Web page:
The Clean Rivers Trust recently published an article discussing their concerns for the rivers of Europe. This follows a survey into the state of rivers and the risks to the aquatic environment reported by Ralf Schafer of Koblenz University. The Guardian also published league tables that corroborates the findings.

River Monitoring

The Clean Rivers Trust express concern that the report has highlighted that the state of river catchments is not as good as previously reported.  There are disturbing levels of pollution, which whilst not immediately lethal, has the capacity to accumulate and cause long term damage.  There are a number of different pollutants, which have been the focus of work to cut pollution loadings of watercourses, including:

  • Mining
  • Agricultural activities
  • Chemical plants
  • Sewage treatment works.

Minewater pollutions are bought about by the historic mining for coal and metals. These can cause severe environmental damage, and whilst some are hived off, others are diffused and require long term remedial action.  These, alongside, other pollutants such as from agricultural activities, contaminated land and run off are now more insidious than some other pollutions such as chemical plants and sewage treatment works – which have been the focus of work in the past.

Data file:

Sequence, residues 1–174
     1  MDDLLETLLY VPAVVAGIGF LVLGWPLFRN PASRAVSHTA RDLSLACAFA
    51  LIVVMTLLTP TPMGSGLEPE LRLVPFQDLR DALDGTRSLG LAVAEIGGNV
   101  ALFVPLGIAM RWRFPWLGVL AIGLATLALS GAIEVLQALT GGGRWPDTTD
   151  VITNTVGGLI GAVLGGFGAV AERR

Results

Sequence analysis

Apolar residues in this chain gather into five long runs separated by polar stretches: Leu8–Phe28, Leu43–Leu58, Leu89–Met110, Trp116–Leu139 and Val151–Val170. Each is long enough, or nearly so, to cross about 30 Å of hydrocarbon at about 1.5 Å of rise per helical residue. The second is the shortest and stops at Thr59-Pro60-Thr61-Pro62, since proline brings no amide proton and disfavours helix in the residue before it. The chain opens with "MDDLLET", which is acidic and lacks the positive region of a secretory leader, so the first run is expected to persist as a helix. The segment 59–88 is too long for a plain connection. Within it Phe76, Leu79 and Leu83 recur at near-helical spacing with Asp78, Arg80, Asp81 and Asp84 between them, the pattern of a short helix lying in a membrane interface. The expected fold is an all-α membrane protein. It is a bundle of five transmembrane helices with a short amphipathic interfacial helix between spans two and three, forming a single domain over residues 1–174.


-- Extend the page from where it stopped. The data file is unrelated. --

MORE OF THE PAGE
However, the Clean Rivers Trust expresses concerns that with Britain leaving the European Union there is an uncertain future for the water environment.  All ministries have impact (industry, energy, transport, agriculture, health, and even the MoD and Home Office have substantial and growing influence on the environment and particularly on water.  However, there is no one body of government that is for its benefit.

The prospect is not bleak for the water environment but it is challenging. There appears to be a cash strapped future, but a sustainable water rich future is desirable to any government.

The Clean Rivers Trust was formed in November 1990 as a response to the declining water quality of the River Trent that was reported to the UK National Rivers Authority’s Report on River Water Quality 1990. Working with all concerned, the water regulators and sewage treatment provider, the Trust gained huge expenditure undertakings and an agreed program of clean up. Since then the Trust has been involved in the remarkable changes across most of the UK’s river improvements since 1991. You can read the Clean Rivers Trust article here.

So how can Remote-Data Network Analysis (R-DNA) help? Our R-DNA software is already live and monitoring in various water quality scenarios to help monitor and improve the water quality in the UK and abroad.  Our telemetry devices can remotely monitor water levels, cleanliness or temperature using a selection of available sensors.  Linking the devices to our cloud-based monitoring software is quick and the software interface itself is simple to use.  A customised dashboard and alerting can be configured so that you can monitor your water quality as little or as often as you like, and be alerted to any changes at pre-defined levels.  R-DNA is surprisingly cost effective too, so it’s ideal for any temporary monitoring scenarios you might have.

Here at Mandar Solutions we are passionate about improving the environment, so if you have any water monitoring requirements, please contact us to discuss how we might be able to help.


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